The Past, Present, And Future Of Inflatable Space Habitats

Recently, a prototype inflatable space station module built by Sierra Space exploded violently on a test stand at NASA’s Marshall Space Flight Center in Alabama. Under normal circumstances, this would be a bad thing. But in this case, Sierra was looking forward to blowing up their handiwork. In fact, there was some disappointment when it failed to explode during a previous test run.

LIFE Module Burst Test

That’s because the team at Sierra was looking to find the ultimate bust pressure of their 8.2 meter (26.9 foot) diameter Large Integrated Flexible Environment (LIFE) module — a real-world demonstration of just how much air could be pumped into the expanding structure before it buckled. NASA recommended they shoot for just under 61 PSI, which would be four times the expected operational pressure for a crewed habitat module.

By the time the full-scale LIFE prototype ripped itself apart, it had an internal pressure of 77 PSI. The results so far seem extremely promising, but Sierra will need to repeat the test at least two more times to be sure their materials and construction techniques can withstand the rigors of spaceflight.

Sierra is a targeting no earlier than 2026 for an in-space test, but even if they nail the date (always a dubious prospect for cutting edge aerospace projects), they’ll still be about 20 years late to the party. Despite how futuristic the idea of inflatable space stations may seem, NASA first started experimenting with the concept of expandable habitat modules back in the 1990s, and there were practical examples being launched into orbit by the early 2000s.

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Space Shuttle Atlantis connected to Russia's Mir Space Station as photographed by the Mir-19 crew on July 4, 1995. (Credit: NASA)

The Soviet Space Station Program: From Military Satellites To The ISS

When the Space Race kicked off in earnest in the 1950s, in some ways it was hard to pin down where sci-fi began and reality ended. As the first artificial satellites began zipping around the Earth, this was soon followed by manned spaceflight, first in low Earth orbit, then to the Moon with manned spaceflights to Mars and Venus already in the planning. The first space stations were being launched following or alongside Kubrick’s 2001: A Space Odyssey, and countless other books and movies during the 1960s and 1970s such as Moonraker which portrayed people living (and fighting) out in space.

Perhaps ironically, considering the portrayal of space stations in Western media, virtually all of the space stations launched during the 20th century were Soviet, leaving Skylab as the sole US space station to this day. The Soviet Union established a near-permanent presence of cosmonauts in Earth orbit since the 1970s as part of the Salyut program. These Salyut space stations also served as cover for the military Almaz space stations that were intended to be used for reconnaissance as well as weapon platforms.

Although the US unquestionably won out on racing the USSR to the Moon, the latter nation’s achievements granted us invaluable knowledge on how to make space stations work, which benefits us all to this very day.

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The Forgotten Rescue Of The Salyut 7 Space Station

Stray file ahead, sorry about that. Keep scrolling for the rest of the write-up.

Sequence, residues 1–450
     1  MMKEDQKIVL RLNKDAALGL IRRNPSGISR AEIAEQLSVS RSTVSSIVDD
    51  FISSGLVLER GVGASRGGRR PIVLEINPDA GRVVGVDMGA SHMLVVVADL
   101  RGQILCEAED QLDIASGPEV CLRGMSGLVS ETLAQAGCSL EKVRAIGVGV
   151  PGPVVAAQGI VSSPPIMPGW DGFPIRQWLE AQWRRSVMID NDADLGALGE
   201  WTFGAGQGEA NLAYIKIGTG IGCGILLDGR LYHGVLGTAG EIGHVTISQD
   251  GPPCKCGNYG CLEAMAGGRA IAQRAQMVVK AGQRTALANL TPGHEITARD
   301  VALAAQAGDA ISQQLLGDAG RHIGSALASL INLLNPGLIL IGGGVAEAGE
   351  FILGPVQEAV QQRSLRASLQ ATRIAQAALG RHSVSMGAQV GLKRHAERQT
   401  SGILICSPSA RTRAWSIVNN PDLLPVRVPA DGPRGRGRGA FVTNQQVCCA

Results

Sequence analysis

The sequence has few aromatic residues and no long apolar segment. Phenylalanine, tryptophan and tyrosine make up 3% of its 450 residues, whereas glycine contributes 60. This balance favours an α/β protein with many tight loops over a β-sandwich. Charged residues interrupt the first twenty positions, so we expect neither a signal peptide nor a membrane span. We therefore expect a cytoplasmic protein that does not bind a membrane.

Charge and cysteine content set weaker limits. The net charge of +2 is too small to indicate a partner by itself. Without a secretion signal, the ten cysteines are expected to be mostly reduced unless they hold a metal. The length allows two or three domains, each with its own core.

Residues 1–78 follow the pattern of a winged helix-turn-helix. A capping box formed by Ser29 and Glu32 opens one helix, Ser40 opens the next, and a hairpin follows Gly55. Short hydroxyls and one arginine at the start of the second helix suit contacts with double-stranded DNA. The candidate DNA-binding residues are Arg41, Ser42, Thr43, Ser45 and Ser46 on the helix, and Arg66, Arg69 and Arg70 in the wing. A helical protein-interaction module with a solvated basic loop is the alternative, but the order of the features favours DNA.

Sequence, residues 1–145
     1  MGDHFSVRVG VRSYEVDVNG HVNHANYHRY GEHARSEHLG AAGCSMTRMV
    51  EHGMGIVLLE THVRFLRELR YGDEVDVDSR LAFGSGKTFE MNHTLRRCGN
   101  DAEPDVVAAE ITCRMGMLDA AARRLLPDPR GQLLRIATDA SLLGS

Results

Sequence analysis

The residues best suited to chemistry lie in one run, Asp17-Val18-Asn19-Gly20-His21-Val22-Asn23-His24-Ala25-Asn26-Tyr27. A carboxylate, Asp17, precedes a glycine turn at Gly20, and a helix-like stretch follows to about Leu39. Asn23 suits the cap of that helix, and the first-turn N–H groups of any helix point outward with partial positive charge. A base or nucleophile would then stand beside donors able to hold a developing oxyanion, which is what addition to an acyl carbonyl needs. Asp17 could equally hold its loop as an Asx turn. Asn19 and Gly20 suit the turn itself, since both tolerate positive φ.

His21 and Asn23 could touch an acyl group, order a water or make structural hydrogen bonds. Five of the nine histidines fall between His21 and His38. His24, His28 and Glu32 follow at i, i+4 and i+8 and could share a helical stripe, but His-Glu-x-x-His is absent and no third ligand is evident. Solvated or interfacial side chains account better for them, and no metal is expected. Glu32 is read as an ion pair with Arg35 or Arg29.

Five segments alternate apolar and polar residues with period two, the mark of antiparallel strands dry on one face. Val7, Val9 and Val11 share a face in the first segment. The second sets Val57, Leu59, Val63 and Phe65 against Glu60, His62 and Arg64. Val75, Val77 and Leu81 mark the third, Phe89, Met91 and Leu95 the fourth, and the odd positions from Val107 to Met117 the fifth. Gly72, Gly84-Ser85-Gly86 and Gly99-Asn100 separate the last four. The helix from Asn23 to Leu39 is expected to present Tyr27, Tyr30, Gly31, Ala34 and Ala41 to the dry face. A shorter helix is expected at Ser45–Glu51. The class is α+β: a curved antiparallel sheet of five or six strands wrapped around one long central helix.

With only two space stations in orbit around Earth today in the form of the International Space Station and the Chinese Tiangong (‘Sky Palace’) station, it’s easy to forget how many space stations were launched in the previous century. And the Soviet Union launched by far the most, as part of the Salyut (Russian for ‘salute’ or ‘fireworks’) program. Although the program entailed both military (Orbital Piloted Station, or OPS) and civilian (Durable Orbital Station, or DOS) stations, it was the civilian stations that saw the most success, as well as the most daring rescue attempt with the recovering of the Salyut 7 space station.

Salyut 7 (DOS-6) was set to repeat Salyut 6’s success after its launch on April 19th 1982, until disaster struck in February 1985. Due to a series of electrical and other faults ground communication with the space station was cut off, and the at the time unmanned space station began to gradually tumble towards the Earth’s atmosphere. This left those in charge with two options: leave the station to burn up in the atmosphere, or stage a rescue mission.

Ultimately, on June 6th, 1985, Soyuz T-13 launched to rendezvous with Salyut 7. On board were cosmonauts Vladimir Dzhanibekov – who had previously manually docked with Salyut 7 – and Viktor Savinykh. Both men had done all they could to perform a manual docking and attempt to revive the stricken space station. Ultimately they managed to revive the station using what little charge was left in its batteries and the Soyuz’s thrusters, all the while braving freezing temperatures in the dead station’s interior.

Salyut 7 would continue to perform its duties until February 1991, with Mir (DOS-7, launched 1986) as the first modular space station taking over. The final DOS module (DOS-8) that directly traces its lineage to this era is still in orbit today as the ISS’ Zvezda module, keeping the Salyut legacy and the bravery of Dzhanibekov and Savinykh alive.

Look Out Below! China’s Heavy-Lift Rocket Due For Uncontrolled Reentry Within Days

On April 28th, China successfully put the core module of their Tianhe space station into orbit with the latest version of the Long March 5B heavy-lift booster. This rocket, designed for launching large objects into low Earth orbit, is unique in that the 33.16 m (108.8 ft) first stage carries the payload all the way to orbit rather than separating at a lower altitude. Unfortunately, despite an international effort to limit unnecessary space debris, the first stage of the Long March 5B booster is now tumbling through space and is expected to make an uncontrolled reentry sometime in the next few days.